A new art program will offer "refuge" to LGTBQIA+ students in Northwest Arkansas.
"With the word 'refuge,' we really wanted to highlight how this is a completely safe, nonjudgmental space for these kids to be in. This isn't about judgment at all, and it's not about competing for anything or in-fighting. It's all about understanding and peace and giving those kids a place in which to feel understood and to connect with each other," says Taylor Johnson, the gallery manager for Fenix Arts and a program coordinator at Mount Sequoyah.
Funded by a grant from the Walton Family Foundation, the program will be open to local LGTBQIA+ students ages 12 and older.
"I was picked to lead the program, which was a huge honor," Johnson says. Prior to working at Mount Sequoyah, where she was instrumental in coordinating the current exhibit, "QUEER," at Fenix, Johnson worked in a youth program for students on the south side of Chicago during the pandemic -- and wore several hats as a substitute teacher and tutor.
"It was awesome. It was a great time. I miss those kids a bunch," she says of that time. For the Fenix Youth Refuge Experience After School Arts Program, she'll be creating a safe and supportive space for marginalized youth who are navigating identity against the backdrop of junior high and high school.
"Registration for the program will open July 11. The first day of the program will be Aug. 22. So it'll be the second week of school, we want to give kids time to settle in to a new year, a new semester. The program will be Mondays, Tuesdays and Wednesdays from 4:30 to 6:30 p.m. The kids will come in, have a snack, be introduced to the artists and what they're doing. And we'll have about an hour of work time with the artist," Johnson explains. "Each semester, we will have one artist teaching a week, kind of rotating the kids out. So everybody has equal chance and opportunity to do everything. And then at the end of each semester, we will have a exhibition or a showcase of the work that was done that semester. It'll be for students, parents, teachers, just the community to see the kinds of things that they create."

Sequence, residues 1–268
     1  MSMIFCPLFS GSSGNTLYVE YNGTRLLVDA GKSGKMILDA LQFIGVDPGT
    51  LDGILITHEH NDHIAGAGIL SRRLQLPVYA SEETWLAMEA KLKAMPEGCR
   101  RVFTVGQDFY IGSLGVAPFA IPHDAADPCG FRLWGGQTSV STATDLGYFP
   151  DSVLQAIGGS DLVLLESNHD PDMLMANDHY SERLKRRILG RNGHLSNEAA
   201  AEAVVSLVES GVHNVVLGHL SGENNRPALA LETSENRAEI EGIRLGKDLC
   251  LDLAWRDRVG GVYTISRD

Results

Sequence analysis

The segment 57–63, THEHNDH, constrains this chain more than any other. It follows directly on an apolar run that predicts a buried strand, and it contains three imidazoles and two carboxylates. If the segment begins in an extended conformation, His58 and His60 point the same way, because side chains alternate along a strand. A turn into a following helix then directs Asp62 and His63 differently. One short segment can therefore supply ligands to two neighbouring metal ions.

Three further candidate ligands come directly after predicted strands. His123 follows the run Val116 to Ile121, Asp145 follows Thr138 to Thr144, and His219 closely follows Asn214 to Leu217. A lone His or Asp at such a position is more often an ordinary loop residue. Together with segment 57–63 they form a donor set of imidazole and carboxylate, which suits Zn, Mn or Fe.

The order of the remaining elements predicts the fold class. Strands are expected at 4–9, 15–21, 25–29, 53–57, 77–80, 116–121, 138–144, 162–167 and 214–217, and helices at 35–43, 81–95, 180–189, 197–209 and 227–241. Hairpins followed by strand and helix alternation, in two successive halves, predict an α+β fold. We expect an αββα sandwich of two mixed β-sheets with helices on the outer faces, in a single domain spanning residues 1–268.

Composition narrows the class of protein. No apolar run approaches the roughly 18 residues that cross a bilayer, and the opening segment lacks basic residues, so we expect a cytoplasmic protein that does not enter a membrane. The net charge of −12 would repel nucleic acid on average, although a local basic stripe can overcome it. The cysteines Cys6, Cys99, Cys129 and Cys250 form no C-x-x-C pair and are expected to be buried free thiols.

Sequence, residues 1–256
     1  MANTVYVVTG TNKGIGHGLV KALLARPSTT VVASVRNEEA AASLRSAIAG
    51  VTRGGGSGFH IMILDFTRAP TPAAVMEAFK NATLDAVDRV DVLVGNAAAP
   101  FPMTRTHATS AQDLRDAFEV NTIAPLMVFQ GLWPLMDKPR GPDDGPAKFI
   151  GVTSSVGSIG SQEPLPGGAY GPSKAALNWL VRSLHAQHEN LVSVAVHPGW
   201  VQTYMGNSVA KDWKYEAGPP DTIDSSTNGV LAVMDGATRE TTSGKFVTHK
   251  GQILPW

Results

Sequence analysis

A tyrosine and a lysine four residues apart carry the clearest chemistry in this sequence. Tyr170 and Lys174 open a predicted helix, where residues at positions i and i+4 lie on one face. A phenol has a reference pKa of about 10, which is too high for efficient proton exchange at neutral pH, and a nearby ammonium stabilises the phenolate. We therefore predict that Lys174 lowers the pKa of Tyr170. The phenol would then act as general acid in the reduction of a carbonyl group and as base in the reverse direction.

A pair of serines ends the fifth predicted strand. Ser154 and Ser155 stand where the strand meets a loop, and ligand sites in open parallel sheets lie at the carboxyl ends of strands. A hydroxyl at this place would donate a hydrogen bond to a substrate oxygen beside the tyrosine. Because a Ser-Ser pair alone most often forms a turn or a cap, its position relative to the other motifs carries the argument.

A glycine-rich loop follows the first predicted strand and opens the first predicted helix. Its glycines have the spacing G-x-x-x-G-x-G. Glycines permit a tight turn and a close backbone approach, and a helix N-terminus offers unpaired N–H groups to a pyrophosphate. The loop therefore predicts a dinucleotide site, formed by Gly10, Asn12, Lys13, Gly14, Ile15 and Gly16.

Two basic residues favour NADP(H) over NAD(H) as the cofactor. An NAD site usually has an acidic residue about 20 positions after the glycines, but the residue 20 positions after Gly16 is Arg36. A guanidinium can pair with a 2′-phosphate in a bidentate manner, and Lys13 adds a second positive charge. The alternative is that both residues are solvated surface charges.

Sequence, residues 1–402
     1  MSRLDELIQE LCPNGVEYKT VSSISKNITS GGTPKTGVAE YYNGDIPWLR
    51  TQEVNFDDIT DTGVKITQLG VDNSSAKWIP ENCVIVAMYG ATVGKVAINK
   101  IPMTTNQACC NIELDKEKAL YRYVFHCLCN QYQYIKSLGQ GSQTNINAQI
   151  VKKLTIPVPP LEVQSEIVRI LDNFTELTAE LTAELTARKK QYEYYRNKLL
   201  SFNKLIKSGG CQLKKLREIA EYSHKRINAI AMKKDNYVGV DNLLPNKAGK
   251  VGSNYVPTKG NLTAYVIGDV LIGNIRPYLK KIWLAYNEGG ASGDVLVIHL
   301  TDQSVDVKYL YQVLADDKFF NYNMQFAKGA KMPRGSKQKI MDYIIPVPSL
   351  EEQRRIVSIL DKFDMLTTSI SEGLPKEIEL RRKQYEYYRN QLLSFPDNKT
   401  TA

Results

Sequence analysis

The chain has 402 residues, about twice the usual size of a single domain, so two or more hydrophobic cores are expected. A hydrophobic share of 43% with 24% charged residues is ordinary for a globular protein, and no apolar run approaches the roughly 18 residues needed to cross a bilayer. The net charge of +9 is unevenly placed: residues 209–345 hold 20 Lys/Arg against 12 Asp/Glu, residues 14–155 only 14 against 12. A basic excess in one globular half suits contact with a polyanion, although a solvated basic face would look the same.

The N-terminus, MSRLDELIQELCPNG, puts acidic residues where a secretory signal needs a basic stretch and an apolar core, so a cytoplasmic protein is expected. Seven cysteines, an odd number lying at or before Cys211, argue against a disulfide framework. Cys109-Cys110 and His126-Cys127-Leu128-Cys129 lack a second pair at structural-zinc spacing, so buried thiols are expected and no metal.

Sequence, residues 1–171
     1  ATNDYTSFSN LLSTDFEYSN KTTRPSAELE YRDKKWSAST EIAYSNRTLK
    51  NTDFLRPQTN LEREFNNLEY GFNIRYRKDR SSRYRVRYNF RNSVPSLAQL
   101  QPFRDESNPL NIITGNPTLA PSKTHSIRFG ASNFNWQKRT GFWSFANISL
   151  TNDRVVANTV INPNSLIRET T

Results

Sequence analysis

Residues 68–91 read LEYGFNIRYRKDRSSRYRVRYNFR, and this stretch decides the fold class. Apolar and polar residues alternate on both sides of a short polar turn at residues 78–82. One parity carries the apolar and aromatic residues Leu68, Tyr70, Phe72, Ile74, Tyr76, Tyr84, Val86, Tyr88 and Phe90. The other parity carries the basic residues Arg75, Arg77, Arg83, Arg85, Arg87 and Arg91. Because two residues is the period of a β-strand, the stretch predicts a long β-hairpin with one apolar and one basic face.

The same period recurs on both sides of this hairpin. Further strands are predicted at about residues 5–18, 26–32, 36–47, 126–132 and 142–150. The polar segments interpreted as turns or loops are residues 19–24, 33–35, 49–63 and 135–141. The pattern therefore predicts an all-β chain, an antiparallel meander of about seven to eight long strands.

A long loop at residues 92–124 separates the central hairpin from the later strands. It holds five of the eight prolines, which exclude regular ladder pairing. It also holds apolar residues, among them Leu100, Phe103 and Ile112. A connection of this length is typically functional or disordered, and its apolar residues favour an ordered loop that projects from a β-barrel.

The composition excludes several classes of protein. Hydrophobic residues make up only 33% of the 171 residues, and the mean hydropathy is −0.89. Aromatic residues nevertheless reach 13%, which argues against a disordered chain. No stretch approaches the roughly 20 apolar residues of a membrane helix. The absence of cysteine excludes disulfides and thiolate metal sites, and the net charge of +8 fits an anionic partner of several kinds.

Johnson expects that this first iteration of the program will have mostly junior high and high school students participating, but hopes the program grows to include 12 and younger eventually.
"I'm proud to say that all but two artists are LGBT. And those two that are not LGBT are Mount Sequoyah staff members. That's a big point of pride for me to have that kind of mentorship and expertise."
She adds that she also has a personal connection to this project.
"Growing up in a small town, where identities like mine aren't super accepted, this is something that I really wish I had, and would have kept me out of a lot of dark places had I had it," Johnson explains. "Parents may bring their kids to this program, and really not understand their kid or not understand their kid's identity, and this is a way that we can kind of bridge the gap, give parents a moment to reflect and really see the artwork ... physically see how these kids feel on the inside and how they want to express themselves."